★★★☆☆ / French / Modern European / Modernist

The Modern (Bar Room) review – a work of art or pretentious and overpriced?

This review of a New York restaurant is a break from The Picky Glutton’s usual London-based coverage.

I usually avoid museum restaurants like the plague since they’re usually nothing more than glorified cafeterias serving up overpriced, reheated microwave meals and bland supermarket-quality sandwiches. I made an exception for The Modern, the restaurant at New York’s Museum of Modern Art, which has an uncommonly good word-of-mouth.

Unfortunately I didn’t pack a jacket and tie so I could’t sample the tasting menu which is served in the main dining room overlooking the Museum’s sculpture garden. I did manage to snag a table in the comparatively informal Bar Room which, unsurprisingly, is dominated by a lengthy bar running alongside one length of the run and all the boisterous drinkers that go with it. The clientele on my weekday evening visit was almost entirely gaggles of business suits and couples. The classy decor consists mostly of dark wood, glass and mirrors. There is also a surprisingly subtle glass mural of a jungle that somehow blends into the background.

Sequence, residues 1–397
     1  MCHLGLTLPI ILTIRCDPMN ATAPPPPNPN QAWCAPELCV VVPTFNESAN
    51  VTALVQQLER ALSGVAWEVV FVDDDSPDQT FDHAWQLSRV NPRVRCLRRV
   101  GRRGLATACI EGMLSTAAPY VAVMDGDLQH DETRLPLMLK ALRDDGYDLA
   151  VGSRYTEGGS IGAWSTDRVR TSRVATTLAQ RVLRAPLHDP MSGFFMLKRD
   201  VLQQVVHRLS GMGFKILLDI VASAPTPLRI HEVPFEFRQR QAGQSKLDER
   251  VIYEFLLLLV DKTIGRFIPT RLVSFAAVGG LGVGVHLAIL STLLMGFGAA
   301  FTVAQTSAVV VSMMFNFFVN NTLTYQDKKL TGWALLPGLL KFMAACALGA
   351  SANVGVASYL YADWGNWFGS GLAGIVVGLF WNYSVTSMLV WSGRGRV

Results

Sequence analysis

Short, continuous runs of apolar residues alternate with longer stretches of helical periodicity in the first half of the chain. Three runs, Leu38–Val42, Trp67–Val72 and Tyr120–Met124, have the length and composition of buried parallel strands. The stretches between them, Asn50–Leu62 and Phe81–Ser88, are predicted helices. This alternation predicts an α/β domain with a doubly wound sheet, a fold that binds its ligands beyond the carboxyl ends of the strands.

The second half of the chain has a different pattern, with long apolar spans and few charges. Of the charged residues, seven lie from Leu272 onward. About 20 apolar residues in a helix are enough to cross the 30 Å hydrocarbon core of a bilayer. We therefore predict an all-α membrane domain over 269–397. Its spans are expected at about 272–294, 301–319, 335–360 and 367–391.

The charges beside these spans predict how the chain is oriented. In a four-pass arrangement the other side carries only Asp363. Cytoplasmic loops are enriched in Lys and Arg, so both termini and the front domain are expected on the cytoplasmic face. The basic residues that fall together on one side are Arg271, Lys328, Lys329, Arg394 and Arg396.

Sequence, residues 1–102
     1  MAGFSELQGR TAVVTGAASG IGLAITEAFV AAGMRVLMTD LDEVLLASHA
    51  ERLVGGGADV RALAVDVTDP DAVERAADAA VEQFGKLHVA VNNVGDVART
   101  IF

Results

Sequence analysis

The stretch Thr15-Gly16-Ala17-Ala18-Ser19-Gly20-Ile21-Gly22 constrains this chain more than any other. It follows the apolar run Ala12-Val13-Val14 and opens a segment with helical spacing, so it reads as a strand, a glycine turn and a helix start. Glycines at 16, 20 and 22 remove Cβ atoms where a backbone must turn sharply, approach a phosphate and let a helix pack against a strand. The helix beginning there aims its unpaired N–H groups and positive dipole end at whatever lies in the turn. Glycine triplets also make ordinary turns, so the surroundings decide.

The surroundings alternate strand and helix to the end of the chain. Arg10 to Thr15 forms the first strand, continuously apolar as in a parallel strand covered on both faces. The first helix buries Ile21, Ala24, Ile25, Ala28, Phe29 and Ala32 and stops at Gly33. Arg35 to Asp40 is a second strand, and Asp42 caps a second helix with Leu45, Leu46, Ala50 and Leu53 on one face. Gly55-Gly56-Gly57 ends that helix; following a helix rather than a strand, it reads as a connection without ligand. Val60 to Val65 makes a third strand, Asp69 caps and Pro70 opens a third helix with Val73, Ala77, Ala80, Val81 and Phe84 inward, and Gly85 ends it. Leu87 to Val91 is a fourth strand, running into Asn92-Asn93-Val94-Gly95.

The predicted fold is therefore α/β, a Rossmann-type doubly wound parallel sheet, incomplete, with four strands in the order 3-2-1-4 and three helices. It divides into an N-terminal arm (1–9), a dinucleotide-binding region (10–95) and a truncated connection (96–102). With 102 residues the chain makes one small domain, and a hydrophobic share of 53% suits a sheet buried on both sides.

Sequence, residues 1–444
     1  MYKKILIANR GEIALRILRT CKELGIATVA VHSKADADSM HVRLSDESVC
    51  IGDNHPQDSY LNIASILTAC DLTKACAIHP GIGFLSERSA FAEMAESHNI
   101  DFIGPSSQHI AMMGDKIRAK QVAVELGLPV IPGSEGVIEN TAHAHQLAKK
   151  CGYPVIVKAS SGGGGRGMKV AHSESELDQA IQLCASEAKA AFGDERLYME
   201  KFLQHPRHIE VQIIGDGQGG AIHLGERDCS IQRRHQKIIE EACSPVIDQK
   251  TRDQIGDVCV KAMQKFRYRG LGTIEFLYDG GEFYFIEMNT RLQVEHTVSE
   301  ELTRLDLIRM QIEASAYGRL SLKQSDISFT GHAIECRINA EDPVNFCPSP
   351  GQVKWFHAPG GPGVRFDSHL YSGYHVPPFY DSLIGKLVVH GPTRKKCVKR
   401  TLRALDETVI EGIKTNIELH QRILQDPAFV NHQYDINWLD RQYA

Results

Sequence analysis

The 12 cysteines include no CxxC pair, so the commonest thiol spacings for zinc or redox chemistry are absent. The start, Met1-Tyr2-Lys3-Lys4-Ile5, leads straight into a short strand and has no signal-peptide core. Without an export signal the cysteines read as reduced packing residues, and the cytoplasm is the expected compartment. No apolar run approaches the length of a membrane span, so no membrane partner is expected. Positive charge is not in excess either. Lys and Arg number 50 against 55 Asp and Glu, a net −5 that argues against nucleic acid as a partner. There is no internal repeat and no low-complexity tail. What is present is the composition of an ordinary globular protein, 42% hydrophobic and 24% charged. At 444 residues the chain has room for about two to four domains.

For some reason all the waiters wear red shirts and black trousers – they could double as traffic wardens in an authoritarian state in that sort of getup. Nonetheless service was generally helpful and attentive, although once the room started filling up, I was slowly and gradually left to my own devices – settling the bill took far longer than it should have for example.